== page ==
I’m a volunteer for The Office of Letters and Light, a non-profit in support of the arts. Their biggest yearly event is NaNoWriMo aka National Novel Writing Month which is held yearly in November (there’s also Camp NaNoWriMo which runs April and July). In the simplest terms possible, the aim of the event is to inspire you to write a novel (defined as 50,000 words) in 30 days (aka a month).
That’s all well and good, Hillary, but I’m not a novelist. I have no desire to write a book. I’m a business owner or seller. What, pray tell, does this have to do with me?
Give me a second, I’m getting to it. Anyone with something to promote knows that they really should be blogging at least once a week, right? That’s really the minimum to keep your blog active, high in search rankings and to keep readers coming back. But with all the insanity of running a business and living your life, that often gets pushed to the side.
Let me lay something on you: The ideal blog post is about 500 words. If you took on the NaNoWriMo challenge and wrote 50,000 words in a month, you’d be able to write 500 words 100 times over. In other words, you could have about 100 blog posts written in 30 days. There are only 52 weeks in a year. With one month of work, 30 days, you’d have enough content to keep your blog active with 1 or 2 new posts every single week of next year. Just schedule or queue those posts up and you can sit back for the entirety of next year knowing that your blog will stay active, your readership with grow, your SEO footprint with flourish and you won’t have to do any additional work unless you want to write about something timely.
Think 100 posts is overkill? Fine! Just shoot for writing 52 posts exactly then, giving you enough posts to blog once a week. Your posts won’t end up exactly 500 words each anyway so you may as well leave yourself some wiggle room.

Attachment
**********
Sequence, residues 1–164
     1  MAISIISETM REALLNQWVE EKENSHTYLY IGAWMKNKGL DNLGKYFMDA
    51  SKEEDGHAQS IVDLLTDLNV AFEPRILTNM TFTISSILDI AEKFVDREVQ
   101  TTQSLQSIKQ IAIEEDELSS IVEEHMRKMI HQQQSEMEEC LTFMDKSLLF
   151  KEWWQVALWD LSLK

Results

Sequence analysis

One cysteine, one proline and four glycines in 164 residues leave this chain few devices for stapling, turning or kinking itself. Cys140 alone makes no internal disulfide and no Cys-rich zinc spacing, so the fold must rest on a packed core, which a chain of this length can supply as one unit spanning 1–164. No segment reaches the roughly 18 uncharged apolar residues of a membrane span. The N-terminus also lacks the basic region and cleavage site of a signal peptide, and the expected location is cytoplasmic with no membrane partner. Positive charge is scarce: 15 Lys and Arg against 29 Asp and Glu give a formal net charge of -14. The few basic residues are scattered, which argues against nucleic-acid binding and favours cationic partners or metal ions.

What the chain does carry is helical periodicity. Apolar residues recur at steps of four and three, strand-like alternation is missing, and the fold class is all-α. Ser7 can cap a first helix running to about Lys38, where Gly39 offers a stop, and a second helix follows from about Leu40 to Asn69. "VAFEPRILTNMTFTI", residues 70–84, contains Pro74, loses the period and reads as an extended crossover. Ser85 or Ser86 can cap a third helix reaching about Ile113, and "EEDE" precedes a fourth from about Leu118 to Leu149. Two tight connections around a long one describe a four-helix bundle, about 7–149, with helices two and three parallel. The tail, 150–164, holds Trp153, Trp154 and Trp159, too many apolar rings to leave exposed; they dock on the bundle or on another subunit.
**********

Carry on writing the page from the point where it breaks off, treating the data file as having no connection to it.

OK, I can see the logic in this. But I’m really busy right now, can’t I just do this another month?
Sure, you could. But, let’s be honest here, will you? Won’t you just keep putting this off the same way you put off blogging once a week now? This is, after all, the point of NaNoWriMo. People need deadlines or they’ll never get stuff done and telling yourself that you only have 30 days to crank this out can give you the kick in the pants you need to actually do it. Also, because you’re coming into an established event instead of just doing a self-challenge, you’ll find tons of tools, article, inspiration and, most importantly, a huge support group that’ll make it easier to succeed.
But… but won’t my blog seem stale if all my blog posts were written a year ago?
Some blogs, especially news blogs, need to be up to the minute. But for most sellers and others keeping a blog for marketing and social networking reasons, there are thousands of timeless topics related to your niche. Take this blog, for instance. Yes, I frequently blog about the latest eBay, social networking, publishing or whatever news. But many of the posts are deliberately timeless, general business or customer service advice and tips where the info in them can never expire. I’ve already confessed that I keep a stockpile of pre-written timeless blog posts for days when I don’t have anything current to write about so I’m not just making stuff up here… I’m talking from personal experience. You wonder how I manage to write for so many blogs? The answer is simple: I write posts in batches ahead of time just like I’m recommending you do. It’s as simple as that.
Still not sold? You’ve seen all the talk of the profits you can make by self-publishing your own eBook. After a writing 100 blog posts, you may have enough material to compile into an eBook that you can sell, making that content do double duty. Even if the 50,000 words you produce aren’t eBook material, after getting that many words down, you’ll have a much better sense of what you might want to write about in a future eBook.
It’s unconventional, I know. But think about it. If you want more info, I have a separate blog about NaNoWriMo that you can check out at http://nanowrimo.hillarydepiano.com.What do you think?